One of the first and most important steps for inner prayer is to go from thinking and speculation to looking upon and being amazed. Think of lovers who meet, not to plan out what they're going to give each other or what they might do on the next vacation, but to enjoy the time together and to rejoice in each other. Looking at a family photo album is very different from looking at a history book. In the photo album, we see people who are important to us, whom we love – and even more – who love us! That's how our gaze at Jesus and Mary ought to be in the Rosary.

6) Allow your “inner cameraman” to notice details

Some people close their eyes while praying in order to concentrate. Others find it useful to focus their eyes on a certain point (such as a crucifix). Either way, what is important is for the eyes of the heart to be open. Praying the Rosary is like going to the movies. It's about seeing images. It's useful to ask yourself: Who, What, Where am I looking at when I contemplate the birth of Jesus, or his crucifixion, or his ascension into Heaven? And on some occasions, like a good cameraman does, come in for a close-up image of some detail: contemplate the warm breath of the ox that's warming the Child, the pierced hand of Jesus that spread so much love, the tears in John's eyes as he gazes at Jesus rising up to Heaven.

7) Pray in words, mind, and heart

The words accompany, the mind opens, but it is the heart that has the leading role in prayer. All the great spiritual authors agree that inner prayer is about dwelling in the affections, that is, the inner sentiments and movements. Teresa of Avila says very simply: “Don't think a lot, love a lot!” An elderly lady was ruefully complaining to me that she could not reflect while praying her daily Rosary, and that in that situation she could barely say “Jesus, Mary, I love you!” I congratulated the lady. That is exactly what praying the Rosary ought to lead us to.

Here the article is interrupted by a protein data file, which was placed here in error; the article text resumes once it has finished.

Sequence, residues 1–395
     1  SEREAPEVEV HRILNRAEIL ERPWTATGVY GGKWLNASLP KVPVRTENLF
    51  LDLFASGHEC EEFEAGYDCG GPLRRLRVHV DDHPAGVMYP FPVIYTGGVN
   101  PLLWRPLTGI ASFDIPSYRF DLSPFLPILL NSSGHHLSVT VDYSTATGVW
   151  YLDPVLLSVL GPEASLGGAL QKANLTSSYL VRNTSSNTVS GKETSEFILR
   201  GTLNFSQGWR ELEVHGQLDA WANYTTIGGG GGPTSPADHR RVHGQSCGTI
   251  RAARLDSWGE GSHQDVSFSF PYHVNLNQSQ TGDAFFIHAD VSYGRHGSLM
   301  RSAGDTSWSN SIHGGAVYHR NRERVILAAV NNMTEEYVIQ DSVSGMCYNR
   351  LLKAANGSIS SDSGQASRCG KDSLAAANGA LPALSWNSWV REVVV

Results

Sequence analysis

This commentary was first published April 26, 2017.

Pope Francis greets Colombian nun freed 4 years after kidnapping by Islamists in Mali

Pope Francis greets the recently freed Sr. Gloria Cecilia Narváez Argoti at the Vatican, Oct. 10, 2021. / Vatican Media.

Vatican City, Oct 10, 2021 / 07:40 am (CNA).

Pope Francis greeted a Colombian nun on Sunday, shortly after she was freed four years after being kidnapped by Islamists in Mali.

The pope blessed Sr. Gloria Cecilia Narváez Argoti before a Mass in St. Peter’s Basilica launching a worldwide synodal process.

Vatican Media.
Vatican Media.

Sr. Gloria, a member of the Congregation of the Franciscan Sisters of Mary Immaculate, was kidnapped in southern Mali in 2017.